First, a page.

Well, it's not only a hairy problem, but I don't know if you need this about me, but I started my career in the US Senate. I've written and drafted legislation and I've watched people give testimony, and I'm at the point where I just want to throw things at the TV when I watch our governing bodies try to legislate some of these things and listen to expert testimony, because no one can be an expert at everything, and you have to make very significant decisions from a legislative standpoint when you're in those roles. Not only is it, there's a lot of complexity, but there's also just a level of understanding that really isn't there. Not just in federal government, but also in state and local. We also see that with some of the physical access control products that are coming out with facial recognition and biometrics and that sort of thing, that there's just not enough deep subject matter expertise guiding those decisions today. That continues to make it a challenge as well, right?
Dr. Richard Kuntz (25:46):
It is. The two issues about the data sharing component is that data sharing is going to be required for us to be able to get the amount of data where you can apply learning, machine learning and AI, and that's going to be good, but it also is going to require us to understand who is going to be managing that data? Who's curating that data? Is it going to be safe? This is something that's just not well worked out. The other is what level of consent do you need from patient to leverage their data? When you go to 23 and Me to turn in your data, they can sell that data later. People are finding out, well, this company just made money on my DNA. Why am I not being monetized on that? These are sticky issues.
It's an extension of the HIPAA issue about sharing data, but I think it's going to be very active going forward because of the massive ease of use of large amounts of data. We're seeing that already in the liquid biopsy business. These are the puppies that are looking for early signs of cancer in your blood, and these companies are really taken off. But the key is they're getting your entire DNA system set up when you're turning your blood in. The question is, well, if that company is monetizing an ability to predict cancer, and they're using my DNA, I'm not getting money for that. That's a big discussion that's going on right now. I think the data provenance issues are going to be just as complex, but also it will move forward as the technology on data handling.
The thing that I picked up from quite a few of your examples is really being able to better focus on delivering positive outcomes for patients.
Dr. Richard Kuntz (27:43):
Correct. That's a great way to put it. You're not saying, here's a disease. You need this box put into you. It's a disease. We're going to give you this outcome, which is good for you. That's widening the responsibility and accountability of the company and there are many terms for that. One term is called value-based healthcare, where you look at the patient and understand patient is the one with a disease, patient is the one you're focused on. You need to make that patient better, not just sell them a device and then wipe your hands. You're selling them a solution, so that focus on outcomes. It's always been difficult in the past because medical records were always so difficult to work with. They were intended to be aggregated. Very difficult to follow patients because if they go to a big tertiary hospital, we don't know where they're going to next.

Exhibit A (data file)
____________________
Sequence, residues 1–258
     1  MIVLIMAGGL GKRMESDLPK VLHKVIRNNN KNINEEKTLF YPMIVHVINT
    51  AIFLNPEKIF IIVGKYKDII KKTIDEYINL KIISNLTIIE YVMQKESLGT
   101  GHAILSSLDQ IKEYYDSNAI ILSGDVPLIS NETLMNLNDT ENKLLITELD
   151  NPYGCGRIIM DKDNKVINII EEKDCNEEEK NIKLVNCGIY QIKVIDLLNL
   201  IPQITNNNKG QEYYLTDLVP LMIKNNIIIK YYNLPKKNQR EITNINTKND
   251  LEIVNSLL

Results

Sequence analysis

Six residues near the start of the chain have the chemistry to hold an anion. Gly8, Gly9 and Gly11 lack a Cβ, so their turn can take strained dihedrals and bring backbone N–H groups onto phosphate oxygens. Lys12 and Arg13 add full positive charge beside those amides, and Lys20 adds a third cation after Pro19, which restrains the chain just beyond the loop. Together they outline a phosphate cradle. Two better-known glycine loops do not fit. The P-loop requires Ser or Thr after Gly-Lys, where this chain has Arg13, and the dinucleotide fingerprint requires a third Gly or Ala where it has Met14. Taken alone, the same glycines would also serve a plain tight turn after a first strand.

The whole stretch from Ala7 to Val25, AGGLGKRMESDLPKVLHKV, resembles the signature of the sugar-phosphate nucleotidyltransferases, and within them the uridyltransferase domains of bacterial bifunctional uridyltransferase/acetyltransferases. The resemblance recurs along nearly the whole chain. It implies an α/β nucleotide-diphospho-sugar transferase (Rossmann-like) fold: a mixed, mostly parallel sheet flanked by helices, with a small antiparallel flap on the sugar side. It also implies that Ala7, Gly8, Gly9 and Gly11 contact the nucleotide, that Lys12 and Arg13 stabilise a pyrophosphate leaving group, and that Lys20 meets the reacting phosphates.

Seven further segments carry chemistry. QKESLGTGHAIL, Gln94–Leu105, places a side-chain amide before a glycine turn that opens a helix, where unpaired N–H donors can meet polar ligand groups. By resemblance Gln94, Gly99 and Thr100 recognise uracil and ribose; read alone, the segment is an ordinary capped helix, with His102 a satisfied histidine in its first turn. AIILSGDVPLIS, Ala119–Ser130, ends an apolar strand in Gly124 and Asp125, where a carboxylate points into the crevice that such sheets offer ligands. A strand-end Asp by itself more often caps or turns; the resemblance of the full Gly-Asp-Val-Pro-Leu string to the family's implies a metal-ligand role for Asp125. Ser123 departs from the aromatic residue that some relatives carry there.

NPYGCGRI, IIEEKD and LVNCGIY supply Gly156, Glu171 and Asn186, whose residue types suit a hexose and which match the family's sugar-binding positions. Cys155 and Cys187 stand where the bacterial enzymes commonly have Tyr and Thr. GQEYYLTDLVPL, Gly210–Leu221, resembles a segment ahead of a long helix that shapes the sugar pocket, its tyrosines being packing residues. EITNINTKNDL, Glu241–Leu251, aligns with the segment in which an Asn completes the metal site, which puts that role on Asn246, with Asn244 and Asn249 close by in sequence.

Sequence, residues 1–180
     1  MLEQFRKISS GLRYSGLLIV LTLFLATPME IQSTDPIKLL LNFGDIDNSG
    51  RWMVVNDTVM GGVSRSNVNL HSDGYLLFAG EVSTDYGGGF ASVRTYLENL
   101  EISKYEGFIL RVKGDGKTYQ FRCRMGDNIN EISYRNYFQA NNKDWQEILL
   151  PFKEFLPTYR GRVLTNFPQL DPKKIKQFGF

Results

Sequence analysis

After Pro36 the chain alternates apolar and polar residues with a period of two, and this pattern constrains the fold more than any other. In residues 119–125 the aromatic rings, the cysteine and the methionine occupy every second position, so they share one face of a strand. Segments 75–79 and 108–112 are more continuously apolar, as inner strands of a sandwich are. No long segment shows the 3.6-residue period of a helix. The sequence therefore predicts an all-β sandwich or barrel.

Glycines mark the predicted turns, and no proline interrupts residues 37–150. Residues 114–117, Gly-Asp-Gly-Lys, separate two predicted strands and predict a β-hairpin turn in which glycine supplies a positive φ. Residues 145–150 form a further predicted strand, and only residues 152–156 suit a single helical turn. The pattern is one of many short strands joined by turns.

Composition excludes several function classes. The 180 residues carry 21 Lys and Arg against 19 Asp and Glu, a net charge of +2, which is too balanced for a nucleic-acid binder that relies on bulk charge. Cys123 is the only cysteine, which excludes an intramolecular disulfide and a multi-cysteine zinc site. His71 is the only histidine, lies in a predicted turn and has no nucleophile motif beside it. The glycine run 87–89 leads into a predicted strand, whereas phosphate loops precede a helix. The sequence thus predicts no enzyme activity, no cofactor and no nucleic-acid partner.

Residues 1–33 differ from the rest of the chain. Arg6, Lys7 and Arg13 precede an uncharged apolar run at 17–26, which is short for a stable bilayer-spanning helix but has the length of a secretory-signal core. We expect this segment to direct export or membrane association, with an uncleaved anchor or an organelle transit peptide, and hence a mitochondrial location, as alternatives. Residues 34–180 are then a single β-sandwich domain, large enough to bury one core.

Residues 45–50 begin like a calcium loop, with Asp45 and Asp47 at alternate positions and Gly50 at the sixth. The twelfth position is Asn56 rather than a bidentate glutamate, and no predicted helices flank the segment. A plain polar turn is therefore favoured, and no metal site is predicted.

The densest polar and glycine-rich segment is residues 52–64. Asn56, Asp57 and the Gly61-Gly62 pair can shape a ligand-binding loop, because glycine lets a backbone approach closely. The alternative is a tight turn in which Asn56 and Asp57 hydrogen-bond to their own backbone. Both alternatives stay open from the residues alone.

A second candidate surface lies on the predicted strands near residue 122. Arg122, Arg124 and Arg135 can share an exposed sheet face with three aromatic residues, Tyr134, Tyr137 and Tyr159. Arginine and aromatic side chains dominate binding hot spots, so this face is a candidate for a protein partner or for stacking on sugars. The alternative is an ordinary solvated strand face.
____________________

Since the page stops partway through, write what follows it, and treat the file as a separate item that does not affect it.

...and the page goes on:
Measuring outcomes, unless you had a structured clinical trial, which are very expensive, you really can't measure outcomes. But now, with a much better ease of use of data and data flows and systems like 5G and radio systems, we can start to get a variety of followup through the internet. If you look at companies like Verily, which is one of the Google companies, their whole focus is understanding how to leverage the internet to follow patients and follow people longitudinally. I just think there's going to be a lot more tools to be able to make some very interesting applications. I think Identiv is going to be right in the center of this, because if you look at, like you said, the movement of data and also of potential devices and drugs, there's going to be a lot better highways to attach that information on once we get through some of the technicalities, but also some of the policy issues like the provenance.
Well, thank you so much for joining us today. I know you're one of our newest board members, but I found this conversation really fascinating discussing just the transformational power of technology on the healthcare industry, and I think you brought up some really important topics and points that we're probably going to want to explore in additional, future podcasts.
Dr. Richard Kuntz (30:04):
Great. Well, thanks so much, Leigh. It was very fun.
Of course. If you enjoyed this podcast, please like and subscribe for me. We drop a new episode every Thursday.